Bybee advised his customers that they did not have to take actual delivery but could instead store their metal at A-Mark for up to two years at no cost. In fact, the "storage" was a Deferred Delivery Sale and A-Mark held a lien on the stored metal securing all of Bybee's purchases, both for himself and for his customers, even though a customer may have paid 100% of the purchase price.

As silver declined in value, A-Mark made margin calls on Bybee. After exhausting his own assets, Bybee borrowed from friends and customers in an effort to reduce the A-Mark debt. By May 1986, Bybee was unable to raise more money or provide additional metals to satisfy A-Mark's margin calls. He then sold to A-Mark for $2,126,692.70 all metal it held for deferred delivery. This price represented the current value of the metals at the time sold.

After offsetting Bybee's debt, A-Mark paid Bybee approximately $300,000 in cash. Bybee did not advise his customers of this sale. Instead, he invested the $300,000 in commodity futures with the hope of quickly recovering his losses. This failed, and on February 27, 1987 he filed for relief under the Bankruptcy Code.

ANALYSIS

A. Claims Arising Under the Commodity Exchange Act

The CEA makes it "unlawful for any person to offer or enter into ... a contract for the purchase or sale of a commodity for future delivery ... unless ... such transaction is conducted on or subject to the rules of a board of trade which has been designated by the Commodity Futures Trading Commission as a 'contract market' for such commodity...." 7 U.S.C. § 6(a). A futures contract that violates this provision is deemed an illegal "off-exchange" futures contract.

To avoid application of the CEA to every executory contract,2  Congress limited its reach in section 2(a) (1) (A). This section, known as the "cash forward contract" exclusion, provides: "The term 'future delivery' ... shall not include any sale of any cash commodity for deferred shipment or delivery." 7 U.S.C. § 2 (1988).

The trustee contends Bybee's margin purchases were illegal off-exchange futures contracts.3  A-Mark argues that the transactions were cash forward contracts, exempt from the exchange trading requirements of the CEA. We consider the parties' contentions in order, determining first whether the transactions were futures contracts under the CEA.4 

1. Were the margin purchases futures contracts?

"Commodity futures transactions involve standardized contracts for the purchase or sale of commodities which provide [ ] for future, as opposed to immediate, delivery, and which are directly or indirectly offered to the general public and generally are secured by earnest money, or 'margin.' " In re Stovall, [1977-1980 Transfer Binder], Comm.Fut.L.Rep. (CCH) p 20,941, at 23,777. Each element need not be present for a transaction to be a futures contract. Id. Instead, " [t]he transaction must be viewed as a whole with a critical eye toward its underlying purpose." CFTC v. Co Petro Marketing Group, Inc., 680 F.2d 573, 581 (9th Cir. 1982).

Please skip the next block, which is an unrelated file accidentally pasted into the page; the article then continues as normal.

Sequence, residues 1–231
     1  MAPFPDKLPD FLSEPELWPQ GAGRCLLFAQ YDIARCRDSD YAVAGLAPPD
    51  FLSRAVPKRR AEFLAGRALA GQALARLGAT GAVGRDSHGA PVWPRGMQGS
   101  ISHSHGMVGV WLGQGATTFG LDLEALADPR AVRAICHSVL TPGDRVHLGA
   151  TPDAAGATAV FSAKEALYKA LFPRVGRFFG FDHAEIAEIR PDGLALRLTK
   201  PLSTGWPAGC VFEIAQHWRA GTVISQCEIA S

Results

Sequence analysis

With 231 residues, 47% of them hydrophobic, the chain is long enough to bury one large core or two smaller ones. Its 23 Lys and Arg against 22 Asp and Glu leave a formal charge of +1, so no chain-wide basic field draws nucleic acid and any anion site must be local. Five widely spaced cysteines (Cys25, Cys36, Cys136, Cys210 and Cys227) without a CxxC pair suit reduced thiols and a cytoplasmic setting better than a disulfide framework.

A-Mark argues the contracts are not futures contracts because they lack standardized terms and are not accompanied by a clearinghouse, standardized or exchange-style variation margining, a settlement system or the right to assign the contracts. We disagree.

We recognized in Co Petro that a contract that does not contain wholly standardized terms can still be considered a futures contract if the seller implicitly guarantees that it will provide for offset. Id. at 580. In Co Petro, we stressed "the rationale for standardization in futures trading." Id. We noted that, "The ability to form offsetting contracts [in the futures market] is essential, since investors rarely take delivery against the contracts." Id. In Co Petro, the seller provided a contractual right of offset. Co Petro's customers, "like customers who trade on organized futures exchanges," received the benefit of offset, and the contracts' degree of standardization could be disregarded. Id.

A similar situation exists here. The district court found that A-Mark implicitly represented that it would provide for offsetting contracts, even though the contracts it sold were not entirely standardized. As in Co Petro, this is enough to satisfy the standardization requirement.

A-Mark also argues the transactions at issue cannot be futures contracts because a number of factors generally associated with organized futures exchanges are not present. But as the CFTC has noted, " [T]he requirement that a futures contract be executed on a designated contract market is what makes the contract legal, not what makes it a futures contract." First Nat'l Monetary Corp., [1984-1986 Transfer Binder] Comm.Fut.L.Rep. (CCH) p 22,698, at 30,970 (1985).

We conclude the margin purchase transactions between A-Mark and Bybee were futures contracts.

2. Are the margin purchases exempt from the CEA as forward contracts?